Fig. 1 (a-f): (a) Group I, liver cells of normal rats (Negative control), (b) Group II, liver cells of rats intoxicated with CCl4 (Positive control), (c) Group III, liver cells of rats treated with ethanolic extract (100 mg kg-1) and intoxicated with CCl4 intoxicated, (d) Group IV, liver cells of rats treated with ethanolic extract (200 mg kg-1) and intoxicated with CCl4 intoxicated, (e) Group V, liver cells of rats treated with ethanolic extract (500 mg kg-1) and intoxicated with CCl4. and (f) Group VI, liver cells of rats treated with silymarin (100 mg kg-1) and intoxicated with CCl4

Administration of ethanolic extract at three dose levels attenuated the increased levels of the serum enzymes, produced by CCl4 and caused a subsequent recovery towards normalization almost like that of Silymarin treatment (Table 1). From the Table 1 and 2, it is clear that extract of Fumaria officinalis was given orally (100, 200 and 500 mg kg-1), once daily for 7 days showed dose-dependent hepatoprotective activity and highly significant effect was seen with of 200 and 500 mg kg-1 body weight, which is comparable with the standard drug, Silymarin (100 mg kg-1, p.o.). Histopathology of Group II animals (CCl4) showed patches of liver cell necrosis with inflammatory collections around central vein, whereas the drug-treated groups showed absence of cell necrosis but with minimal inflammatory condition around the central vein. The extract (500 mg kg-1, p.o.) treated group showed minimal inflammatory condition with near-normal liver architecture possessing higher hepatoprotective action (Fig. 1a-f).

The daily excretion of ascorbic acid by different groups of rats before and after treatment is shown in Table 2. A dose of 0.8 mL kg-1 CCl4 produced significant reduction in ascorbic acid excretion.

Table 2: Effects of ethanolic extract of Fumaria officinalis on ascorbic acid in CCl4 induced liver damage in rat’s urine
Values are Mean±SEM (n = 6 in each group). Values in parenthesis are percent protection as compared to CCl4 control. Experimental groups were compared with CCl4 control: *p<0.05 and **p<0.01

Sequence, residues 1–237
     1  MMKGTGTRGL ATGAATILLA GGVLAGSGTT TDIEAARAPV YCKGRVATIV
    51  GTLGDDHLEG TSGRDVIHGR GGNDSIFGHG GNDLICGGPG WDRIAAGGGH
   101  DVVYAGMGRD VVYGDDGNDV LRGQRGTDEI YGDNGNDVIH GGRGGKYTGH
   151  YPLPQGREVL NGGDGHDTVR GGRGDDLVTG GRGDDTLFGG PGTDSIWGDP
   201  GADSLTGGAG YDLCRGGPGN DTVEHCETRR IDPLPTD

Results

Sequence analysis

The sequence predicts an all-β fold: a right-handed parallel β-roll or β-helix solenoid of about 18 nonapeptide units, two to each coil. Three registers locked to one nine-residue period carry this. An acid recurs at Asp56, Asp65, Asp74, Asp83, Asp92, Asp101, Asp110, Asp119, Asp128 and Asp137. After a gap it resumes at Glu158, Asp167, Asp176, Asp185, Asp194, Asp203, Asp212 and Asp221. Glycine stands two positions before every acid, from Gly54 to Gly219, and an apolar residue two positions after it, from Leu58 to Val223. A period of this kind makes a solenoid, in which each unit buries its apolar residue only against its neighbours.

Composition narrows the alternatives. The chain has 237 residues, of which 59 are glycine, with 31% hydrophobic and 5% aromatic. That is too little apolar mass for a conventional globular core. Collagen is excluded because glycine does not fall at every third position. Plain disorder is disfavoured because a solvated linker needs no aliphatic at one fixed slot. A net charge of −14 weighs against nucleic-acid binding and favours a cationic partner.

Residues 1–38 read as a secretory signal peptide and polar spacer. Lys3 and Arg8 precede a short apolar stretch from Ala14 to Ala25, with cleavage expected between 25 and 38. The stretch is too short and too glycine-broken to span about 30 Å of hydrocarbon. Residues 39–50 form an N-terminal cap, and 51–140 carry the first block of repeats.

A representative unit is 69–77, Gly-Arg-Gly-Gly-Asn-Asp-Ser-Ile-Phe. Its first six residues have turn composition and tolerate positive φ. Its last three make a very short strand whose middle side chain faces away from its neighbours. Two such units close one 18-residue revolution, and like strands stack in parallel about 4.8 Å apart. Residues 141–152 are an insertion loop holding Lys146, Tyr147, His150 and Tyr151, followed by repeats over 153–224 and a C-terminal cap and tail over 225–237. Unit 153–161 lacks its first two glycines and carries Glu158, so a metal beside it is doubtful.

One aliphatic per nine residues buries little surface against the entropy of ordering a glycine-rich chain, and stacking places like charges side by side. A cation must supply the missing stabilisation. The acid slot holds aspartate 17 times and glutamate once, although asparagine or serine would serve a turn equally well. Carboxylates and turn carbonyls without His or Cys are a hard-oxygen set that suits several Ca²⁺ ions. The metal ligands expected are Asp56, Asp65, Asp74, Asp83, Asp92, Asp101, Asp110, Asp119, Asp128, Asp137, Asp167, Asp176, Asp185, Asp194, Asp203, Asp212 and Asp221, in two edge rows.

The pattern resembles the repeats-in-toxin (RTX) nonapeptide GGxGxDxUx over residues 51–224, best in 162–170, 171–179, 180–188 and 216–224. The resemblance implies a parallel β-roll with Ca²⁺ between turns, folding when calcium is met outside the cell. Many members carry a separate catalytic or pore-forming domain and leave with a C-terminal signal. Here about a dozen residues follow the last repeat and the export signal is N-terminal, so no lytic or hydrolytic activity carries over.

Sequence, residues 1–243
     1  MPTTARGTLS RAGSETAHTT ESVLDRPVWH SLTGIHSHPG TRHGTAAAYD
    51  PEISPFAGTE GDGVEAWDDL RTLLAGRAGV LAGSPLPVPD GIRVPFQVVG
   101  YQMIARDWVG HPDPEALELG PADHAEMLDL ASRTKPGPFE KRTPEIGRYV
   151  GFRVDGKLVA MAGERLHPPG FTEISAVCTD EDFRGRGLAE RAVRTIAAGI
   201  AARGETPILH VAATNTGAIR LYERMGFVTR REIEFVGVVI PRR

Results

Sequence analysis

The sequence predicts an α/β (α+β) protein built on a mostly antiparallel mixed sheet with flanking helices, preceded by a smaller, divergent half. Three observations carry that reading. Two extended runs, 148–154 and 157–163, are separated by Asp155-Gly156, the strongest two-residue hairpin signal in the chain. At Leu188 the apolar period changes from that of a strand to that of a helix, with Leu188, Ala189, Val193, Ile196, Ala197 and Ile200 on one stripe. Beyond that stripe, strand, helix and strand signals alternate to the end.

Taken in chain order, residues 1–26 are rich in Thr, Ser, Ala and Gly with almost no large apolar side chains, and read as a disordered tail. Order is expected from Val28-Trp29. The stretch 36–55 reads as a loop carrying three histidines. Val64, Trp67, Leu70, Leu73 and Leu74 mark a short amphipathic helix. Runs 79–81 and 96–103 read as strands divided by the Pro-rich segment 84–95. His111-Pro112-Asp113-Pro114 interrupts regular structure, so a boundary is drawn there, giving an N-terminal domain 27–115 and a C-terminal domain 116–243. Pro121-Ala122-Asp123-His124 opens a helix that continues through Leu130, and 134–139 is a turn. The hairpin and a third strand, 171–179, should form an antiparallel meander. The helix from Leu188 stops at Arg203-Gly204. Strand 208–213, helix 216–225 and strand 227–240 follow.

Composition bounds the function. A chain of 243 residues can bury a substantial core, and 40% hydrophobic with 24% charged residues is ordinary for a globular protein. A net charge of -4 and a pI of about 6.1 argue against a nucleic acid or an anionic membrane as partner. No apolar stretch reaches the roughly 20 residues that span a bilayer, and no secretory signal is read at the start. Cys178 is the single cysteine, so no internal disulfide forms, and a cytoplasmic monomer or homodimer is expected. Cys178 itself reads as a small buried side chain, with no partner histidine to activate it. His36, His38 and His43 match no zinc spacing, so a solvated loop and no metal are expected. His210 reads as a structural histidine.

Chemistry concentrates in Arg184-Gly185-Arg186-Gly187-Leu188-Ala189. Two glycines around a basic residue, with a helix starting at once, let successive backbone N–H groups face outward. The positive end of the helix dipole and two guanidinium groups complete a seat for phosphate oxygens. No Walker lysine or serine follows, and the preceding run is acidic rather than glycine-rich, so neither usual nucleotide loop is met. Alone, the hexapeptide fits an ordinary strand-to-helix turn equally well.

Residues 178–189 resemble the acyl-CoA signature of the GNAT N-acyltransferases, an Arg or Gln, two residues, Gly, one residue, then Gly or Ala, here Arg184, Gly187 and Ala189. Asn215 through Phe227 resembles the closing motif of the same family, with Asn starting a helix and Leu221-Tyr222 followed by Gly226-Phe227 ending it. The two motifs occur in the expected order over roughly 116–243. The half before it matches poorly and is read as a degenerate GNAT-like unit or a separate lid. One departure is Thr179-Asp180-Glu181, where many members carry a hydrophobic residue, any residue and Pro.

Ethanolic extract of Fumaria officinalis delayed Ccl4 induced induction in ascorbic acid by one day prolonged treatment might have produced better benefit. Ethanolic extract of Fumaria officinalis and Silymarin prevented CCl4 induced reduction in ascorbic acid excretion.

It is well established that CCl4 induces hepatoprototoxicity by metabolic activation; therefore, it selectively causes toxicity in liver cells maintaining semi-normal metabolic function. CCl4is bio-transformed by the cytochrome P450 system in the endoplasmic reticulum to produced trichloromethyl free radical (.CCl3). Trichloromethyl free radical then combined with cellular lipids and proteins in the presence of oxygen to form a trichloromethylperoxyl radical, which may attack lipid on the membrane of endoplasmic reticulum faster than trichloromethyl free radical. Thus, trichloromethylperoxyl free radical leads to elicit lipid peroxidation, the destruction of Ca2+ homeostasis and finally, results in cell death (De Groot and Noll, 1986; Clawson, 1989; Reckengel et al., 1989). These results in changes of structures of endoplasmic reticulum and other membrane, loss of enzymes metabolic enzymes activation, reduction of protein synthesis and loss of Glucose-6-Phosphatase activation, leading in liver damage (Recknagel and Glende, 1973; Azri et al., 1992). Ascorbic acid is formed as a metabolite of glucose and galactose in rat liver microsomes via the glucoronic acid pathway and is excreted in urine. The enzyme UDP glucose dehydrogenase and UDP glucuronidetransferase are responsible for its formation in the liver microsomes. Its formation and excretion is altered by several drugs and substances that affect the drug metabolizing enzymes system (Satyanarayana et al., 1988). The results showing reduction in ascorbic acid excretion in CCl4 treated rats may reflect the inhibition of such enzymes. Alteration in urinary ascorbic acid excretion appears to be reflecting ascorbic acid in liver. Hence, the reduction in urinary ascorbic acid excretion can be used as an index for CCl4 produced hepatotoxicity.

It can be concluded that, upon the literature review it is found that the aerial parts of Fumaria officinalis contains protopine, fumarine, benzazecin, alkaloids, phenols,and flavonoids which are present in ethanolic extract. Therefore there is a possibility that the aerial parts of the plant may possess anti-oxidant property, which may involve in hepatoprotective property.

Authors are grateful to Premanth Reddy Chairman, Acharya Institute, Bangalore for providing necessary facilities to conducting the research study.